Managing FundsWhen you begin your term, you will be responsible for adhering to thebudget created in the previous Rotary year. This duty will involve managing and tracking incoming and outgoing funds.Incoming funds include but are not limited to Club dues payments Donations Money raised from club activities Rotary Foundation grants Sponsorship fundsOutgoing funds include but are not limited to District and RI dues payments Charitable expenses Office supply and equipment costs Meeting expenses (e.g., facilities, meals) Promotional expenses Committee activity costs Miscellaneous feesEnsure that all collected funds and expenses are accurately documented.Provide members with receipts for their dues and donations, and recordany transactions, including club purchases, in a ledger. If going over budgetis unavoidable, be sure to request the board’s approval.An electronic accounting program will automate many of the tasks associated with your position. Consult your club’s outgoing treasurer to find outwhich software is used, if any. If you’re selecting a new program, chooseone that you’re comfortable with and that meets your club’s needs.Standard accounting practice calls for separating a club’s charitable andoperational funds to ensure that proceeds from fundraisers are used tosupport charitable activities. If fundraisers are intended to benefit specificservice efforts, you may also want to consider creating separate projectaccounts.4C L UB T R E AS UR E R ’S M ANUAL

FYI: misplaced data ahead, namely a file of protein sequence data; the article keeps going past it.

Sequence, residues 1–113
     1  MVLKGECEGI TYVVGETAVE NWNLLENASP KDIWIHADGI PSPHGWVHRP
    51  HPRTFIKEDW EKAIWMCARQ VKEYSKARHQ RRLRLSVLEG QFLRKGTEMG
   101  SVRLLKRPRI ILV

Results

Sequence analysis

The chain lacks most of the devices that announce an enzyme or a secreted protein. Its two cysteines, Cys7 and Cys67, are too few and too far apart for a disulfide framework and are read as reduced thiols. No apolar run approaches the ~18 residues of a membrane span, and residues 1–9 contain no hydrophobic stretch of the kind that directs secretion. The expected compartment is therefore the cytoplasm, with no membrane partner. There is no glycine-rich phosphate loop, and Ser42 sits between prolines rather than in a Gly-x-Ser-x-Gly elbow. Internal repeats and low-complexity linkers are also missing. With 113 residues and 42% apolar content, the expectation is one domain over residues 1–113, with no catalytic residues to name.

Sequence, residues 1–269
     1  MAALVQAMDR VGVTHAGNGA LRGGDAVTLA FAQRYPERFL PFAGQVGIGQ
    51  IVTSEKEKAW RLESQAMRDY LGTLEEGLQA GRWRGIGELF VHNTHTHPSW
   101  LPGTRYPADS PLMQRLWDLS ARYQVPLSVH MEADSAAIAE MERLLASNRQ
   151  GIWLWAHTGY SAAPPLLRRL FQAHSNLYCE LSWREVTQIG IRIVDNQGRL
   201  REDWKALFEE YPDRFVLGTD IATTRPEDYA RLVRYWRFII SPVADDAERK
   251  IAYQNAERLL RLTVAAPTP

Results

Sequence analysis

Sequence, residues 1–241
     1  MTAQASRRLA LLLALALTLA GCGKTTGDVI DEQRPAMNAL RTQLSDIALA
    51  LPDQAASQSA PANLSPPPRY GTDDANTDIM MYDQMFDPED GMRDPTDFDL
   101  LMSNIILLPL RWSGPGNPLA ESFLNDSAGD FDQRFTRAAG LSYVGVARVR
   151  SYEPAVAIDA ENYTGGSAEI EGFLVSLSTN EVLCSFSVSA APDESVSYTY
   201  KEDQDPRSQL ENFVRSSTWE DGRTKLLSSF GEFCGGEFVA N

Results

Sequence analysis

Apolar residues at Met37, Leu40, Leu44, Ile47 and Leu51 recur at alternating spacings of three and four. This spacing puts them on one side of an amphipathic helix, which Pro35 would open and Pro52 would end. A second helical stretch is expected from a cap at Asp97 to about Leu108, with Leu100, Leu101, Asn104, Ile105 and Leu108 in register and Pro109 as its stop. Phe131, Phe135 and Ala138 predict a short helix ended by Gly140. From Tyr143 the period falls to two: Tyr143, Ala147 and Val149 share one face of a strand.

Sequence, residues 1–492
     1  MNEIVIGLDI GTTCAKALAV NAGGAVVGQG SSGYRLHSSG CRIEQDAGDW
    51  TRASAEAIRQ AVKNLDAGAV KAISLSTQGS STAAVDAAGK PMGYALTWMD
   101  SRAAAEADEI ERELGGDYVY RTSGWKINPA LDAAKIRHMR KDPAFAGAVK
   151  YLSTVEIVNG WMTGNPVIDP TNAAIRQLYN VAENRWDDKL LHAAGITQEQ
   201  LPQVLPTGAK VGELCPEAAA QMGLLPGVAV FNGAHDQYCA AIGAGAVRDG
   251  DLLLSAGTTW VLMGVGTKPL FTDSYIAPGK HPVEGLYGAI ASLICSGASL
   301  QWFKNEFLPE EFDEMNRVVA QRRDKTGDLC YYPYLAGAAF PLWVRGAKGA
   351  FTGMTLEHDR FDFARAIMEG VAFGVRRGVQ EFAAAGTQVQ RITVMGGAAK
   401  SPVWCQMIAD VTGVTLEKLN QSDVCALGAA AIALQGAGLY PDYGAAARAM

Club billsDistrict duesRI dues and feesMEMBERSTREASUREROUTGOING FUNDSCollecting and Submitting Dues and FeesRotarians are required to pay dues to their club, district (where applicable),and RI. As treasurer, it is important to understand the funds you need tocollect from members and the expenses you need to pay on behalf of yourclub.WHAT TO COLLECT Club dues Admission fees District dues RI per capitadues RI feesRotary ReminderIf your club collectsweekly donations orfines, make sure todocument them.Rotary ReminderRI dues are prorated fornew members depending on when they joined.Rotarian John Smith, forexample, was admittedto his local Rotary clubon 4 January. On 1 July,his club must pay fivemonths of prorated duesto RI to cover the periodfrom February throughJune.WHAT TO PAY District dues Semiannual dues invoice RI per capita dues New member pro rata dues RI feesMagazine costsCouncil on Legislation fees Outstanding balance (if any)Club dues. Club dues can be collected on a weekly, monthly, or quarterlybasis, as determined by your club, and their amount is set each year. Thesedues, which vary by club, generally fund operating expenses such as meetings, meals, speaker gifts, and supplies.Admission fees. Many clubs charge an admission fee for new members, asdetermined by the club. This fee does not apply to transferring or formermembers of other clubs or to Rotaractors.11See the Standard Rotary Club Constitution, article 11, for more details.C LU B TR EA S U R ER ’ S M A N U A L5